NHTSA Freightliner Phantom-Braking Probe

PORTLAND, Ore. – The National Highway Traffic Safety Administration (NHTSA) Office of Defects Investigation (ODI) has opened an investigation into model-year 2017-2022 Freightliner Cascadia trucks equipped with automatic-emergency braking (AEB) which might exhibit phantom-braking characteristics.

The agency is reacting to 18 complaints from operators of the trucks, produced by Daimler Trucks North America, that their vehicles braked even though there was no obstacle in the way.

“The reports indicate the subject vehicle will apply the service brakes without warning or input from the driver. The applications range from momentary, partial application with little loss of speed to full application, which brings the vehicle to a complete stop in the travel lane,” the ODI Resume reported.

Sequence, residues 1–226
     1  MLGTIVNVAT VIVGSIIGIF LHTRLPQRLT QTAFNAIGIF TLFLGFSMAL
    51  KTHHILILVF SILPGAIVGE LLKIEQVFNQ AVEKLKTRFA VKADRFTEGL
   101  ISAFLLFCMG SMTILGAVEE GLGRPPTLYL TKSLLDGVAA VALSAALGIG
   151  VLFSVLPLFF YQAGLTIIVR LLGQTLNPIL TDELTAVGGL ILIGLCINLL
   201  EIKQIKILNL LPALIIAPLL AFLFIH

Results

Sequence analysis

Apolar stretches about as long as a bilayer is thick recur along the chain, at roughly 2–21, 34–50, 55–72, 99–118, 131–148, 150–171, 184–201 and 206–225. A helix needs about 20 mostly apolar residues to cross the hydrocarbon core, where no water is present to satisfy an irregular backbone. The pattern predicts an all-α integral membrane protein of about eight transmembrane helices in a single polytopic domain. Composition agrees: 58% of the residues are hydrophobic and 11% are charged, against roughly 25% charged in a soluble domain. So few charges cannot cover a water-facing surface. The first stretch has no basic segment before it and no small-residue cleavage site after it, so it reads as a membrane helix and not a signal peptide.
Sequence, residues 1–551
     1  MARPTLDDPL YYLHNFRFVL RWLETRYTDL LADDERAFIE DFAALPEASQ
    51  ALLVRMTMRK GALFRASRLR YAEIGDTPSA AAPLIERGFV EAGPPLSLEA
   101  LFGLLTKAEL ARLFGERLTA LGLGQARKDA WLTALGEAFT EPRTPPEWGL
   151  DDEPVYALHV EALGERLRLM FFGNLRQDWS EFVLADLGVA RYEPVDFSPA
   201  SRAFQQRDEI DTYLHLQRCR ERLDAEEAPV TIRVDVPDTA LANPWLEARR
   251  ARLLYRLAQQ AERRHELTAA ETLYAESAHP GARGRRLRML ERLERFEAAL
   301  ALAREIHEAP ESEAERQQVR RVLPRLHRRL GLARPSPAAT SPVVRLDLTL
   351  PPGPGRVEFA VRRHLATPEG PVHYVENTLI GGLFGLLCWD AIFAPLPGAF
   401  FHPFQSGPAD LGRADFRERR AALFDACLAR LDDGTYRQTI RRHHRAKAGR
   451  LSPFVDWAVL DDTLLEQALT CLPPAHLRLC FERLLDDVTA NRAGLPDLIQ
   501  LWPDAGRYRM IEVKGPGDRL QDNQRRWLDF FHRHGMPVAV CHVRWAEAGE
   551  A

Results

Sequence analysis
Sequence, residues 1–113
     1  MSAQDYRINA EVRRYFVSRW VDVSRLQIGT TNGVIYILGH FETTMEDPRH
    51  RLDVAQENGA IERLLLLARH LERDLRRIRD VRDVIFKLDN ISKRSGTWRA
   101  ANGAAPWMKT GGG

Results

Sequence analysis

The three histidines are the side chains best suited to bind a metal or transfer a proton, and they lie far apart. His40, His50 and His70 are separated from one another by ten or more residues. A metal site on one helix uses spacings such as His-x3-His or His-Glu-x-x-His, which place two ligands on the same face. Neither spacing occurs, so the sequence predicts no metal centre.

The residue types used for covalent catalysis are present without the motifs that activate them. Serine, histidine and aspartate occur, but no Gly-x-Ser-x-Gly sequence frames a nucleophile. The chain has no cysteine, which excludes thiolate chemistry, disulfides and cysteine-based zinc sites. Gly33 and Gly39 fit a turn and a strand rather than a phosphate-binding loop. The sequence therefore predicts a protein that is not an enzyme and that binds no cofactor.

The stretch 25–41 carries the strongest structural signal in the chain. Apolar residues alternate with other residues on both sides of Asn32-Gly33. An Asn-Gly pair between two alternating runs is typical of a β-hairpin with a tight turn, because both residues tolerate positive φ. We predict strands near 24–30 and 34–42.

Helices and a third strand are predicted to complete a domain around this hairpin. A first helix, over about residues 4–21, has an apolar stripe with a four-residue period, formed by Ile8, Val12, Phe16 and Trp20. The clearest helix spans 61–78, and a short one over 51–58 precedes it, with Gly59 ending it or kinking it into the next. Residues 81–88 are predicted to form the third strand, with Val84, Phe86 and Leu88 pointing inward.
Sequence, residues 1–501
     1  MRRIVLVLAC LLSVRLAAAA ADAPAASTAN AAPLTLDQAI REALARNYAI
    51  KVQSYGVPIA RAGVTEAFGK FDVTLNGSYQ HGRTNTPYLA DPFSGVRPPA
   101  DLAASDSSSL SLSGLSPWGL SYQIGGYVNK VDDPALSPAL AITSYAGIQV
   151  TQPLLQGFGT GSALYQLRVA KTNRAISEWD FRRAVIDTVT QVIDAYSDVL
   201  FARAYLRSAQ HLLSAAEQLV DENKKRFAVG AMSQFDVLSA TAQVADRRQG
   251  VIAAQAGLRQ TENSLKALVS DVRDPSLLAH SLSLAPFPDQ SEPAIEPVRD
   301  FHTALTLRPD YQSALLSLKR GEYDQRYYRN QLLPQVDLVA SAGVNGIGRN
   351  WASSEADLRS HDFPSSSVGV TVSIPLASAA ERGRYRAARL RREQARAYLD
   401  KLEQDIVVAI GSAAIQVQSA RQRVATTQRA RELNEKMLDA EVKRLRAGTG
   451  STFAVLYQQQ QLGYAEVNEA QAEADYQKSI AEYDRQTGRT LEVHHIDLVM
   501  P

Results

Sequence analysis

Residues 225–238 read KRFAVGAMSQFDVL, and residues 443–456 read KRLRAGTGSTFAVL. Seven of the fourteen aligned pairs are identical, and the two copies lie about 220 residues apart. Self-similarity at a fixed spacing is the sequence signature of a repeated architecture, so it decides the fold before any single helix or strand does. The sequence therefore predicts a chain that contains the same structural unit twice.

The resume went to outline steps taken by NHTSA during this Preliminary Evaluation of what could be a vehicle population in excess of 250,000 trucks, “the NHTSA Vehicle Research and Test Center (VRTC) tested a Freightliner Cascadia AEB-equipped vehicle. During the “steel trench plate” scenario, the vehicle initiated hard braking when the plate was detected. DTNA stated that the steel trench plate was not representative of real-world driving.”

A similar claim of phantom braking has plagued certain Nissan and Tesla models resulting in lawsuits and recalls.

Mike Geylin
Mike Geylin

Mike Geylin is the Editor-in-Chief at Hagman Media. Geylin has been in automotive communications for five decades working in all aspects of the industry from OEM to supplier to motorsports as well as reporting for both newspapers and magazines on the industry.